And after the BP Gulf oil disaster in 2010, an underwater robot called the Seaglider -- it looks much more like a missile than Rosie from "The Jetsons" -- swam around in those oily and potentially dangerous waters, diving to depths no human eardrum could withstand and recording ecological data.
Without that bot, people would have needed to send ships and scientists all over the Gulf, trolling for data. Despite the fact that these robots range in price from about $50,000 to $400,000, they're economical, Dyer said.
"Robots are both fearless, and they're also very cost-effective and efficient. In the case of Seaglider, it's a tradeoff of technology for human labor."
Building better robots
Some limitations also have emerged in the past 10 years, however.
First, robots haven't had what Murphy referred to as a Lassie-saves-Timmy-from-the-well moment. A rescue robot has never actually found a living person who then was able to be pulled from rubble and saved, Dyer and Murphy said.
But they've made other significant contributions, they say.
After September 11, for example, two of iRobot's machines tested the structural integrity of buildings surrounding the World Trade Center, which kept rescue workers from entering some situations that could have been quite dangerous.
They're also hampered by funding shortages, said Murphy, who is the director of the Center for Robot-Assisted Search and Rescue.
Currently, a "deployment" after a disaster may include only a handful of robots, she said, and they're usually owned and operated by volunteer roboticists like herself, who are trying to see the tech more widely adopted. (They've put together a group called Roboticists Without Borders, which coordinates these responses -- but only if they're asked to).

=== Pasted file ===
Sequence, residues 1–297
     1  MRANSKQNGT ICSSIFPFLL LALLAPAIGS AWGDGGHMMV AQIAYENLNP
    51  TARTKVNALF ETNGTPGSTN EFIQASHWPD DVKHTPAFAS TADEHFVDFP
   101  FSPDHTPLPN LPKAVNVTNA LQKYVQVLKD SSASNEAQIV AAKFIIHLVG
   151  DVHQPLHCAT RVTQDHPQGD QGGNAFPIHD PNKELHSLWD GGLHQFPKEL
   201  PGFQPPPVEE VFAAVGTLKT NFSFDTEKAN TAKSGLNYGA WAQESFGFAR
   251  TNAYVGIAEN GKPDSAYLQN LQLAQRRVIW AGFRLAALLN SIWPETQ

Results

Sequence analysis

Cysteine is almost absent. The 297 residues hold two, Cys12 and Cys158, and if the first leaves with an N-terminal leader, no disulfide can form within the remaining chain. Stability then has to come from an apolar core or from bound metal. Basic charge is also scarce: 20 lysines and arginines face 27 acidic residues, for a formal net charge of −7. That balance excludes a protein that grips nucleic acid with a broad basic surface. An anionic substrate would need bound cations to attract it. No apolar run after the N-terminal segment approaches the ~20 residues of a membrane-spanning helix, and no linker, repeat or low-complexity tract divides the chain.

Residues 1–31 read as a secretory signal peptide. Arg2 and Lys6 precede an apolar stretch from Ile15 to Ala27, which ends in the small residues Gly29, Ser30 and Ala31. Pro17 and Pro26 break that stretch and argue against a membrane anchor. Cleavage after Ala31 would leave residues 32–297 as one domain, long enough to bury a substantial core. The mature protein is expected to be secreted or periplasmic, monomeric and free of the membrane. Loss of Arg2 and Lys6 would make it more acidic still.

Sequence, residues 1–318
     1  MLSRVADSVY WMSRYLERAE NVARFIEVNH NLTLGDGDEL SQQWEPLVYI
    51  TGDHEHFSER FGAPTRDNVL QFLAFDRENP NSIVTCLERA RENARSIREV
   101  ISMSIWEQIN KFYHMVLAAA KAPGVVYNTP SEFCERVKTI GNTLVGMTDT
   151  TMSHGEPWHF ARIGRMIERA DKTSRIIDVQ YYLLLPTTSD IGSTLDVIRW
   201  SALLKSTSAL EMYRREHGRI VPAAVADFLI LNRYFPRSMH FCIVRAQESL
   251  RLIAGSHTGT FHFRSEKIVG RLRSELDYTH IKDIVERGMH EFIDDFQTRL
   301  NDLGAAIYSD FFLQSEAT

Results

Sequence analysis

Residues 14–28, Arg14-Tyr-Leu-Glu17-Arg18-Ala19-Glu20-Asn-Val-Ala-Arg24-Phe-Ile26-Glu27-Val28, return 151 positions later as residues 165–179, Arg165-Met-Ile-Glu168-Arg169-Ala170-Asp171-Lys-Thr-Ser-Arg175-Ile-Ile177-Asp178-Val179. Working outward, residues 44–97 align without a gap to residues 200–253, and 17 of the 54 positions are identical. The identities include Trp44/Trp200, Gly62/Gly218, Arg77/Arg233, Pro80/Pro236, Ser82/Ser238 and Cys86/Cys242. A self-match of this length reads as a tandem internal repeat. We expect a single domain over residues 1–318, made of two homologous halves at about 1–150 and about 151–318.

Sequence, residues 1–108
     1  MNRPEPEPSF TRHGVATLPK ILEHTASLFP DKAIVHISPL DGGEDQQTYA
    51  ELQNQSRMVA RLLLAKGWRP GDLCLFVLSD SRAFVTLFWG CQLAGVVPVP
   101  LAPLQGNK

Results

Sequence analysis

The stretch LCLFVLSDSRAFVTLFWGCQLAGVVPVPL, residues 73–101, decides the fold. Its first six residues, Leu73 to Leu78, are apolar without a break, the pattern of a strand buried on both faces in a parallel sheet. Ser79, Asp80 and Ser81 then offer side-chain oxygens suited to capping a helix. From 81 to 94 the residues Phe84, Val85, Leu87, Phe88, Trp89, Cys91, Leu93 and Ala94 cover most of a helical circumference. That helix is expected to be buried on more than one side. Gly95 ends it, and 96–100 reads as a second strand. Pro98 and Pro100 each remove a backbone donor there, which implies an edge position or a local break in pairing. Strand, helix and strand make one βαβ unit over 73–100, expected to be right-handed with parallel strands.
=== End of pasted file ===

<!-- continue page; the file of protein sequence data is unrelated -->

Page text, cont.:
Ideally, she said, federal emergency response agencies would own robots and could integrate them into their disaster response strategies more seamlessly. Sometimes it can take days to get robots to disaster areas, Murphy said, which makes them less effective than they could be if used sooner.
Finally, the machines are also limited by their own skills. The robots have gotten much smaller over the years, but they're still not able to move through some tight passageways and through particularly nasty rubble.
But there are improvements on the way.
iRobot is trying to give its machines more "autonomy," meaning they could operate with less input from joystick-holding humans.
Other researchers are working to create robots that would look and move like giant worms or caterpillars, allowing them to wiggle through rubble with greater ease.
Murphy said these squirming robots show great promise, but they also run a bizarre secondary risk: They might scare the victims they're sent to rescue.
"I'm not sure, if I was a victim, I'd want it coming for me," she said, laughing.
Her solution: Get the disaster-response robots, over time, to act more human so that even if they look like terrifying metallic snakes, they'll be seen as the helpers they're mean to be.